If these are our defining principles of being a birder, and a zoo clearly encompasses each of these principles, why wouldn’t birding at a zoo “count” for birding?

Northern Rockhopper Penguin at the London Zoo – Photo by Karen Roe

Wild Birds at Zoos

While the focus of a zoo may be on its captive residents, many zoos also have flocks of wild guests enjoying the rich habitat the zoo provides. Because zoos typically promote native landscaping, low chemical use, low ambient noise, and dense plantings, not only are exhibits ideal habitats for the captive residents, but wild birds will happily take advantage of the same space. At different zoos and aviaries, I’ve personally seen a wide variety of wild birds in the same habitats, including…

  • Carolina wrens collecting nesting material from a black bear exhibit
  • Wood storks creating a rookery alongside African species habitats
  • Bald eagles perched alongside Andean condors and scarlet ibises
  • California quail foraging among native flowerbeds adjacent to parrot habitats
  • Boat-tailed grackles feeding inside American alligator exhibits
  • Black-chinned hummingbirds sipping nectar from flowers in South American exhibits

These are just a few of the birds I’ve enjoyed at zoos, right alongside the wide range of amazing species the zoo presents. It may not be “traditional” birding, but what’s traditional after all? Be Your Own Birder is all about birding in your own way, and if your way includes great experiences at zoos, aviaries, and marine parks, that’s great birding for you. Enjoy it!

Zoos I Recommend

I visit zoos every opportunity I have, and each of these zoos is one I’ve enjoyed and would happily visit again. Be sure to add your own favorite zoos in the comments – I’m always looking for more to visit!

  • Brevard Zoo – My own local zoo, with two free-flight aviaries and numerous other bird exhibits. Don’t miss the southern cassowaries!
  • Tracy Aviary – A freestanding aviary with dozens of bird species to enjoy in exquisite exhibits. Be sure to visit the Owl Forest!
  • Zoo Miami – A stunning zoo well worth a full day’s visit. Don’t miss the lawn flamingos, extensive free-flight aviary, and the harpy eagle.
  • Lincoln Park Zoo – Small but mighty, with a phenomenal indoor aviary. Don’t miss the piping plover and snowy owls!
  • Oregon Coast Aquarium – While focused on fish, this aquarium also features an open aviary with puffins, murres, and other local birds.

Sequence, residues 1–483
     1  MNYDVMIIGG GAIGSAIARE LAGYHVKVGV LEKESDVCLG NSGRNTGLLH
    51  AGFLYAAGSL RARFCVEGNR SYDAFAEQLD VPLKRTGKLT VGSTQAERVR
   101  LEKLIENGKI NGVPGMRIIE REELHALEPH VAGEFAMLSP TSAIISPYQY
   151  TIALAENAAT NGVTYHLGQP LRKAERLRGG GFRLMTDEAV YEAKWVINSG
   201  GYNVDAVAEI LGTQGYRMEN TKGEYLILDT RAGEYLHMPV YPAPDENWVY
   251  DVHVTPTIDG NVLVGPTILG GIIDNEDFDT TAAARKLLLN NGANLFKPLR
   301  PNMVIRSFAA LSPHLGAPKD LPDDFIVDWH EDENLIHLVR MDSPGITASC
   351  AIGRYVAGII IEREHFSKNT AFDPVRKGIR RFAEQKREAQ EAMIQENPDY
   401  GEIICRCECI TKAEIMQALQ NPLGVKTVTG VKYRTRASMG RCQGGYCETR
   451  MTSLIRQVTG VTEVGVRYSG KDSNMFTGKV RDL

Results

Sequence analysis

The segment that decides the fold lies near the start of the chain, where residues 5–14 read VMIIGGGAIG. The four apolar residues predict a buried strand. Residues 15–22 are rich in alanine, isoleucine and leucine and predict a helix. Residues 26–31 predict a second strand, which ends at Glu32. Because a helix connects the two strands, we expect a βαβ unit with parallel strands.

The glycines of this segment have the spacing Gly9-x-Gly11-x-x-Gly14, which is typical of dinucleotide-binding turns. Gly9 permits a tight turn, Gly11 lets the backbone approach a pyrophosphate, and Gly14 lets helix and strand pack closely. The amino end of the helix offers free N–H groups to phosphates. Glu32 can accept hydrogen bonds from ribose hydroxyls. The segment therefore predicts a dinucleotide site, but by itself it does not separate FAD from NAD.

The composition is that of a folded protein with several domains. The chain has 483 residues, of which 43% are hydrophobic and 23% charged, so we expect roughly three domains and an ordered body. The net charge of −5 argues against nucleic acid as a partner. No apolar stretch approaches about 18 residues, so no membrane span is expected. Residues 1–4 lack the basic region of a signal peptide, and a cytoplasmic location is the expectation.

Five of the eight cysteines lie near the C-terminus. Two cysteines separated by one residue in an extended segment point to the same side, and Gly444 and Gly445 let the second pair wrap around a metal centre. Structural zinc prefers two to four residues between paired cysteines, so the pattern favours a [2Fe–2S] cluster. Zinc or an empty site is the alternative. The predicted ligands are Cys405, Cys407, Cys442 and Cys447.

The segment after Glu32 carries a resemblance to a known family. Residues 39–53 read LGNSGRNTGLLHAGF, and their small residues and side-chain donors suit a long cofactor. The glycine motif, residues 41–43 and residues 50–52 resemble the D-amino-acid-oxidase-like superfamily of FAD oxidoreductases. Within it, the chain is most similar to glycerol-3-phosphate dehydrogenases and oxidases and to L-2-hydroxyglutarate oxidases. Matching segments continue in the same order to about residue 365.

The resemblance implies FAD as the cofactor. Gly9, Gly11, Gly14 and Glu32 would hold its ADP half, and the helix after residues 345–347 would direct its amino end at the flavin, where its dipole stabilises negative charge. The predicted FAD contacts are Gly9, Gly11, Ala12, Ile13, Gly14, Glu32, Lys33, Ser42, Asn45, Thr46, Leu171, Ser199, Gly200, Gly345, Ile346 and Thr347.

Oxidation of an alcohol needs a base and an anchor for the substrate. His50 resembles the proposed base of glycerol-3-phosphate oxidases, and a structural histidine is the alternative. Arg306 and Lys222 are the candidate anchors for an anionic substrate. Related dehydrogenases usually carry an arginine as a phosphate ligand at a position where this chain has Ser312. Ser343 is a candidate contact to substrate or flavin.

• The Florida Aquarium – Another aquarium that offers a tremendous multi-level free-flight aviary and behind-the-scenes with penguins.
Lawn Flamingo Exhibit at Zoo Miami – Photo by Melissa Mayntz

3 thoughts on “Birding in Zoos

  1. Therese Ralston

    I love that you can tick off life list birds that are difficult to get to by seeing them in zoos. This is my type of birding; the casual, inexpensive, guaranteed sighting type of experience. Most zoos take really good care of animals, birds and their unique habitats now, so why not?

    I’m in NSW Australia and BE YOUR OWN BIRDER is on the blogroll of my own birdy blog called birdlifesaving. Most of my birding in done around my home on a mountainous farm, as I travel to and from work with birds at the side of the roads, and at two nearby dams, one of which is dry now but has a bird hide on it.

    I can recommend the Western Plains Zoo in Dubbo NSW, and also Taronga Zoo overlooking Sydney Harbour. The one I really love best though is a place that was my favourite place to visit as a child, an amazing wildlife reserve a couple of hours north of Sydney in Newcastle. Blackbutt Reserve has the world’s best Koala exhibit, but they also showcase exotic and rare bird types from all of our states. There are over 40 different species and the native birds keep trying to break into the enclosures, because the captive birds have it so good.

    I made a blog about beautiful Blackbutt, including all my own photographs; it would be wonderful if you could have a look to see some of my incredible Australian birds. I’m lucky to have so many birds so close out my backdoor.

    Thanks again for your wonderful, wonderful posts; I enjoy each one.

  2. Judi Nicholson

    Thanks for this article. It’s true, there is no set of rules (no overall birding authority) that defines what you can include on your bird list. Speaking for those of us who haven’t the time, money or energy to run off to every special sighting within a 200 mile radius, it makes (me anyway) feel better about counting a captive bird. I think we need “permission” if you will, to count deceased birds as well. My first Northern Gannet sighting was a dead bird on the beach. My only wild sightings of Eastern Screech Owls have been roadkill birds. And the opportunity to see birds from other countries and even other areas of the US makes nearby zoos and avial parks attractive to me.

    1. Mayntz Post author

      Thank you, Judi! I think a “dead birding” piece would be fun to write, so watch for that coming up soon! (Maybe close to Halloween, kind of creepy…) My first sighting of an American white pelican was deceased; and so far my only Virginia rail one a dead one far from any suitable habitat. Interesting!